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For the past couple of years, industrial growth in the form of new distribution and fulfillment centers has brought billions in investments and the promise of hundreds of jobs and workforce development to the Kansas City region.
If Missouri Gov. Mike Parson has his way, 2023 will be another year that Missouri prioritizes new industry and job growth, as the state seeks to leverage its central location to attract businesses.
“This year, we celebrated business announcements all across the state of Missouri,” Parson said during his State of the State address. “In total, more than $2.9 billion dollars and nearly 5,000 new jobs were created by businesses that utilized our state programs. We are proud that Missouri ranks first in the United States for our low cost of doing business.”
The news is welcome to those in Kansas City’s business community who have said for decades that available real estate, access to highways and business-friendly tax rates should make the region desirable for prospective businesses.
But those business boosters also say that workforce development is about more than just attracting industrial business. Access to housing, child care and reliable transportation also need to be a part of the equation to take advantage of new job opportunities.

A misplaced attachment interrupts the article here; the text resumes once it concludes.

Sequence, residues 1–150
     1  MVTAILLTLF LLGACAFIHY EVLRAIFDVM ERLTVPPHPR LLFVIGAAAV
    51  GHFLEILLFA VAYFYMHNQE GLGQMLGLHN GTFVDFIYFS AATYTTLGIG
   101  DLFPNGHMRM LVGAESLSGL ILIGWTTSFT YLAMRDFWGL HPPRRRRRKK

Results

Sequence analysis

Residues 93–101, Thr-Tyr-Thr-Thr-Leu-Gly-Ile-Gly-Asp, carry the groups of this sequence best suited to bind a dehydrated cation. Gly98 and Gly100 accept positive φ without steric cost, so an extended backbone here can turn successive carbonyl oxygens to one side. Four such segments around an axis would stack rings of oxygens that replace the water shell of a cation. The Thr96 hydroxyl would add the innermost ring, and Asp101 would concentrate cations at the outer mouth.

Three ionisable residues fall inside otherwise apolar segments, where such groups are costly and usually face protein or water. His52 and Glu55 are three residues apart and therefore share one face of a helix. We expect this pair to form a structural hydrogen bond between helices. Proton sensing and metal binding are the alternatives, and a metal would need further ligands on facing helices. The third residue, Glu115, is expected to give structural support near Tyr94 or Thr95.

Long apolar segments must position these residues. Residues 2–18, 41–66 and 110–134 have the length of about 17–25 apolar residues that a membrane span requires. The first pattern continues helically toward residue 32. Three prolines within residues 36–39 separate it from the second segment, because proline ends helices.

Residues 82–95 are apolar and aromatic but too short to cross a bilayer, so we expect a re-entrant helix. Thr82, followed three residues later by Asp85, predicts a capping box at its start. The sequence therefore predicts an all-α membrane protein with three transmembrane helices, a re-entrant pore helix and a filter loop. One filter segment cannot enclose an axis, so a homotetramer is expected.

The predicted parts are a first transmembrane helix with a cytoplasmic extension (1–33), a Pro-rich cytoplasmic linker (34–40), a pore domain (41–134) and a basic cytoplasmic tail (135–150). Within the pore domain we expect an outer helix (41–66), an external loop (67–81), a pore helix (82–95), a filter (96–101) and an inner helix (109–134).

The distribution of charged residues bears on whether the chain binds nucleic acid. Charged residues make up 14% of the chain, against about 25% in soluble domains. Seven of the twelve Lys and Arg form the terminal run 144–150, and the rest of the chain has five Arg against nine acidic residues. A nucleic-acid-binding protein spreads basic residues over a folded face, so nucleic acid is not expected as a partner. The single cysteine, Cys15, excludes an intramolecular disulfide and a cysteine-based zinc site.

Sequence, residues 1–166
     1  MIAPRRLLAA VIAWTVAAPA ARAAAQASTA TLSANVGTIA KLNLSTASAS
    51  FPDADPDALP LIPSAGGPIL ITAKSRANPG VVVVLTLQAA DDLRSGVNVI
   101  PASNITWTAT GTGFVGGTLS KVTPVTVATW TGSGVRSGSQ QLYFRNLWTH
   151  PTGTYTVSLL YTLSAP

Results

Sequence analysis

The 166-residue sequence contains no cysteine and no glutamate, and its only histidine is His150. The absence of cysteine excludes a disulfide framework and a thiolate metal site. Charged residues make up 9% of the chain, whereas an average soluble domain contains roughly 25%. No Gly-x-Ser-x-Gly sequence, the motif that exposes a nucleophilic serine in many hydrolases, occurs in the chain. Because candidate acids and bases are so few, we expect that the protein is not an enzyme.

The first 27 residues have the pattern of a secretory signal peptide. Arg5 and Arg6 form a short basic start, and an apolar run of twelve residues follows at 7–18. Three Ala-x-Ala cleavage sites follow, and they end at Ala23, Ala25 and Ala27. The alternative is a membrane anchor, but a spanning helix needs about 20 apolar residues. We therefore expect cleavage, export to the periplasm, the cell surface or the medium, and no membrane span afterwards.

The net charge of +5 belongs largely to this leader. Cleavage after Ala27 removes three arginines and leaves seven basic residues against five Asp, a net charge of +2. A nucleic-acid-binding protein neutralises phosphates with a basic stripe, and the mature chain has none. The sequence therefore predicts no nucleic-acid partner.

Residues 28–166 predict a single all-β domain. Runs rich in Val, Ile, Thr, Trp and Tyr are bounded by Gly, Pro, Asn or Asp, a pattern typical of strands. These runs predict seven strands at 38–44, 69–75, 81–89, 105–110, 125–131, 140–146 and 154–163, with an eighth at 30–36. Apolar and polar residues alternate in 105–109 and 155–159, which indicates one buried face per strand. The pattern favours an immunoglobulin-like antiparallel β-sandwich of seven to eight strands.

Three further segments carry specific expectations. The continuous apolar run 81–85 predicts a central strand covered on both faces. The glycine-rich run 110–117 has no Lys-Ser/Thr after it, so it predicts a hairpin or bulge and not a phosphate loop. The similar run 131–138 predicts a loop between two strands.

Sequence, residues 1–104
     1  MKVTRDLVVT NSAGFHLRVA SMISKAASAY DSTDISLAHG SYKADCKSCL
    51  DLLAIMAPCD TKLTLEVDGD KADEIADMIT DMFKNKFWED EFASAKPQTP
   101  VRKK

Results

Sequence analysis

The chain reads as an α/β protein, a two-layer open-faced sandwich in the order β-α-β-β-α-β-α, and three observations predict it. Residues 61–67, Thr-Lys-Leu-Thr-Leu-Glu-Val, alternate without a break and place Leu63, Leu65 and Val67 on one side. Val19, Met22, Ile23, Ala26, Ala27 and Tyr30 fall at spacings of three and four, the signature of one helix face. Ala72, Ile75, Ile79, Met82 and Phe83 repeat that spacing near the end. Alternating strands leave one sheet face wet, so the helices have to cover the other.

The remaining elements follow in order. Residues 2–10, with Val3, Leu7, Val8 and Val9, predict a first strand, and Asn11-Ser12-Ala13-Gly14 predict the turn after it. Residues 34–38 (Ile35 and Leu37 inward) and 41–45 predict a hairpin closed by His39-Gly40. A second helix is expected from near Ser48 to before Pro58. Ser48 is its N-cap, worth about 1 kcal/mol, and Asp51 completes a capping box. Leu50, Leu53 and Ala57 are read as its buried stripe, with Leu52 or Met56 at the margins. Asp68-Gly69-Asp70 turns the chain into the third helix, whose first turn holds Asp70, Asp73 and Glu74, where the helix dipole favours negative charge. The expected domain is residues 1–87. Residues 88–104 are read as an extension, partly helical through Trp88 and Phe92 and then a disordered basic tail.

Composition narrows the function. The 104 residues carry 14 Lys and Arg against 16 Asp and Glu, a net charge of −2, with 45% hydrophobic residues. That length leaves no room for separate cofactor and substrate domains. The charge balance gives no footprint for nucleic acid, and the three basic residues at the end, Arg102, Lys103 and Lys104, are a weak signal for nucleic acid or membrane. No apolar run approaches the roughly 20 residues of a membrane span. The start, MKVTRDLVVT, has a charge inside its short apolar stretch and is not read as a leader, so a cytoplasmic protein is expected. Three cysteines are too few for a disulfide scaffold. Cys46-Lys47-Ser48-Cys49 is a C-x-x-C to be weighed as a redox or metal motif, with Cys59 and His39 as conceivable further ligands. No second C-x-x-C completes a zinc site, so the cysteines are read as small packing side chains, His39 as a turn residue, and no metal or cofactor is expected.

Parson noted that unemployment fell to 2.4%, the lowest rate ever recorded. With assistance from pandemic relief funds under the federal American Rescue Plan Act, Missouri has promoted economic development with measures such as broadband expansion, infrastructure investments and work training programs.
Since the start of 2022, the state’s Department of Economic Development has announced at least $350 billion in business investment in the Kansas City region, with much of the growth coming in distribution and industrial jobs.
In mid-January, URBN, the parent company of brands like Urban Outfitters and Anthropologie, announced that it would build a new fulfillment center in Raymore, creating up to 750 jobs in its approximately 600,000-square-foot facility. Also last month, West Liberty Foods announced it would open a food processing center in southwest Kansas City that is expected to employ 583 people.